|Law in Humanitarian Crises Volume I : How Can International Humanitarian Law Be Made Effective in Armed Conflicts? (European Commission Humanitarian Office)|
|The Laws of War: Problems of Implementation in Contemporary Conflicts|
|II. Implementation Provisions and Mechanisms|
After two world wars the need for some penal and other mechanisms for securing compliance with the laws of war was self-evident. The major treaties in the field since 1945, particularly the four 1949 Geneva Conventions, contain an unprecedented range of provisions about dissemination, instruction of armed forces, humanitarian and monitoring tasks during armed conflicts, and repressing breaches These provisions, discussed below, did not follow a single standard form, and contained many innovations.
A general trend in the post-1945 conventions has been to try to get beyond the previous unsatisfactory situation in which it was assumed that implementation was fundamentally an internal matter for states. The Nuremberg and Tokyo tribunals had self-evidently taken a bold step beyond the idea that states could be relied on to punish their own nationals. In several ways, itemized in the following sections, the Geneva Conventions and other laws of war agreements advanced the concept of international involvement in implementation - especially through proposals regarding fact-finding and universal jurisdiction for war crimes. Three agreements since 1945 have specifically provided for a United Nations role in securing implementation of their terms and in dealing with violations.
Common Article 1 of the four 1949 Geneva Conventions is often, and increasingly, viewed as providing a basis for states to involve themselves in ensuring implementation of the conventions not merely within their own territories and areas of operations, but also more generally. It says: "The High Contracting Parties undertake to respect and ensure respect for the present Convention in all circumstances". The words "and ensure respect", which had not appeared in previous conventions, have been widely seen as signifying that states, whether or not involved in a particular conflict, have a responsibility to help ensure implementation of the conventions wherever and whenever they are being violated. Such an interpretation of common Article 1 was already evident in Jean commentary, in which he said, in expansive terms going beyond the narrow confines of legal analysis: "It follows [..] that in the event of a Power failing to fulfil its obligations, the other Contracting Parties (neutral, allied or enemy) may, and should, endeavour to bring it back to an attitude of respect for the Convention". This view has prevailed in much subsequent analysis and advocacy, including at the ICRC.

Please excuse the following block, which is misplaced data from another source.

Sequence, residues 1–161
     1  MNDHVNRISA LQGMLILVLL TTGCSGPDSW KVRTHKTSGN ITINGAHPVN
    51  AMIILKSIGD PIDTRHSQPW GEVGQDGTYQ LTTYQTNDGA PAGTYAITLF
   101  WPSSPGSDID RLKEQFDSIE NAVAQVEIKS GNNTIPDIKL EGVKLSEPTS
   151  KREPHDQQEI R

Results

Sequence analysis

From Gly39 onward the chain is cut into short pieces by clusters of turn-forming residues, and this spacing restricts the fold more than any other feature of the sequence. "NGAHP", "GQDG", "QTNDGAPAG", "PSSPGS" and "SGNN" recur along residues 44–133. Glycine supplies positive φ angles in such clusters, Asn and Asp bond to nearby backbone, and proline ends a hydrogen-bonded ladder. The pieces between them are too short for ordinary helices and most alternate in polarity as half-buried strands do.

This interpretation of Article 1 does not appear to have a basis in the negotiating history of the 1949 Geneva Conventions. In the various meetings at Stockholm and Geneva, the words "to ensure respect" had another meaning: to ensure that the whole population of a country which was party to the conventions would respect the law in all circumstances, even perhaps in the case of civil war. There appears to be little or nothing in the records of the 1949 Diplomatic Conference to suggest an awareness on the part of government delegates, or indeed ICRC participants, that the phrase "to ensure respect" implied anything beyond this.
Whatever the original intention behind it, the interpretation of common Article 1 as implying a duty to promote implementation generally has helped to bring the question of implementation of the laws of war more centrally into the discourse of states and the activities of international organizations. It played some part in the EC Dublin summit Declaration on the Middle East of 26 June 1990. States are indeed at liberty to interpret, or reinterpret, their obligations under Article 1 in this way; and it may be especially appropriate to do so in view of developments since 1949, including the world-wide concern over laws of war issues. Yet states need to be aware that in so doing they are entering difficult territory, probably not envisaged by the negotiators of the 1949 conventions, and containing pitfalls for the unwary.